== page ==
Europe is ill-prepared for a nuclear accident on the scale of Japan’s Fukushima disaster, a French safety authority said.
“There are doubts about the ability of some European countries to manage this type of situation,” Jacques Repussard, director of the Institut de Radioprotection et de Surete Nucleaire, or IRSN, said at a press conference in Paris today. “It’s extremely problematic. We need to progress in crisis management in many regions.”
Some European countries lack sufficient atomic crisis centers while health authorities across the region don’t agree on what instructions to give local populations in case of accidents, he said. “There isn’t enough coordination.”
The findings are part of an IRSN report nearly a year after a March 11 earthquake and tsunami destroyed the Fukushima Dai- Ichi station, sparking the world’s worst nuclear accident since Chernobyl in 1986. A Japanese independent probe, whose results were also released today, found the government response to the crisis was “haphazard” and top officials discussed a worst- case scenario that included the evacuation of Tokyo.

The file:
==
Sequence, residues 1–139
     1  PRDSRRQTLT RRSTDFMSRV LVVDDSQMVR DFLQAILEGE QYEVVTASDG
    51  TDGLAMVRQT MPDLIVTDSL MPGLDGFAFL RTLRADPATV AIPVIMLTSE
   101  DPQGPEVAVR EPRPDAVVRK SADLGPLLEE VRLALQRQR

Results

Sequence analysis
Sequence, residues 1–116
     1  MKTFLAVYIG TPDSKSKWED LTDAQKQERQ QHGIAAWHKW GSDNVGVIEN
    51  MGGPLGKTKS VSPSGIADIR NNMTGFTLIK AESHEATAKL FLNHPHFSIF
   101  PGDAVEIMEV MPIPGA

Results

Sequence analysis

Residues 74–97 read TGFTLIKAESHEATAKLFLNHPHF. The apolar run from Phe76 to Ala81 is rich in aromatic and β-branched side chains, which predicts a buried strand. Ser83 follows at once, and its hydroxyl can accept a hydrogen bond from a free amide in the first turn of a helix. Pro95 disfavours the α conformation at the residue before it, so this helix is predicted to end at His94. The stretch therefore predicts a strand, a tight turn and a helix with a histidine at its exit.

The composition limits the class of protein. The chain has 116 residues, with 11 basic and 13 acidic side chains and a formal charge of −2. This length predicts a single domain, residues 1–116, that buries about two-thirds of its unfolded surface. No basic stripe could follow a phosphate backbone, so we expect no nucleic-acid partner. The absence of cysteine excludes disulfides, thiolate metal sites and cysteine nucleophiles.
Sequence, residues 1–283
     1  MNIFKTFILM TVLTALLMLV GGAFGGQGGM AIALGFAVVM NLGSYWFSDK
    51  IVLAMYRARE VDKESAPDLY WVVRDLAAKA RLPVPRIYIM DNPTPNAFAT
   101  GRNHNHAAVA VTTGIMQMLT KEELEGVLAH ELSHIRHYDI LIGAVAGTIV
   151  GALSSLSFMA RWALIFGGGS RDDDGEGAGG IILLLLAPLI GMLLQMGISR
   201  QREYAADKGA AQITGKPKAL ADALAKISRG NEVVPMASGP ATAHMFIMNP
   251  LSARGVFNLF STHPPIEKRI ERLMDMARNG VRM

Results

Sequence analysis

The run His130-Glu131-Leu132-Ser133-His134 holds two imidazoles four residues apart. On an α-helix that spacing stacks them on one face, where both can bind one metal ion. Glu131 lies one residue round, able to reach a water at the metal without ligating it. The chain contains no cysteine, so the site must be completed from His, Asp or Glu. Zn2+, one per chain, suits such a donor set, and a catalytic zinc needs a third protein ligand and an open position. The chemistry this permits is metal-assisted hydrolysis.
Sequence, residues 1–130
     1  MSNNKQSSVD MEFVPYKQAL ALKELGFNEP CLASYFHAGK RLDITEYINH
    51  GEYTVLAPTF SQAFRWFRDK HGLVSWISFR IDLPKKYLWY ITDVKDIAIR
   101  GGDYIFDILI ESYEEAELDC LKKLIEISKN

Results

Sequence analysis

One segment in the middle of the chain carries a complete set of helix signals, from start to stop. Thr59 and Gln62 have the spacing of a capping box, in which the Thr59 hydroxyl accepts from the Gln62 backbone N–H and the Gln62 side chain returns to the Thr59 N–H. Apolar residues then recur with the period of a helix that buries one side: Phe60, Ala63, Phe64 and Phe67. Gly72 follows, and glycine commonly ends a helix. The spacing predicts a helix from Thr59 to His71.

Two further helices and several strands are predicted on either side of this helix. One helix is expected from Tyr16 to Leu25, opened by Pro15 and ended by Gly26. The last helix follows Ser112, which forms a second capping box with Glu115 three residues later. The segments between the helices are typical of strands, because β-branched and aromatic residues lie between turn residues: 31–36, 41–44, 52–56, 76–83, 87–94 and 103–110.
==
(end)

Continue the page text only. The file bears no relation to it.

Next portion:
The IRSN is the technical adviser to France’s nuclear watchdog, which decides whether the country’s 58 atomic reactors operated by Electricite de France SA are safe. France relies on atomic power more than any other country.
The agency faulted Japanese authorities for failing to take measurements of radioactivity in the thyroids of people and especially children in the vicinity of Fukushima in the days after the accident. Data provided by authorities on radiation exposure by workers at the plant and local residents wasn’t precise or detailed enough, the study concluded.
“Today it’s too late to evaluate exposure to radioactive iodine,” Jean-Rene Jourdain, deputy director of human protection at the IRSN, said at the press conference.
IRSN calculations indicate the amount of radioactive iodine released at Fukushima was one-tenth that at Chernobyl and the amount of cesium was one-third. Most of the contamination at Fukushima was dispersed over the ocean.
“If the same accident had occurred in the heart of Europe where there is no ocean, it would have been much, much worse,” Didier Champion, head of the team that followed the Japanese crisis at the IRSN, said at the press conference.
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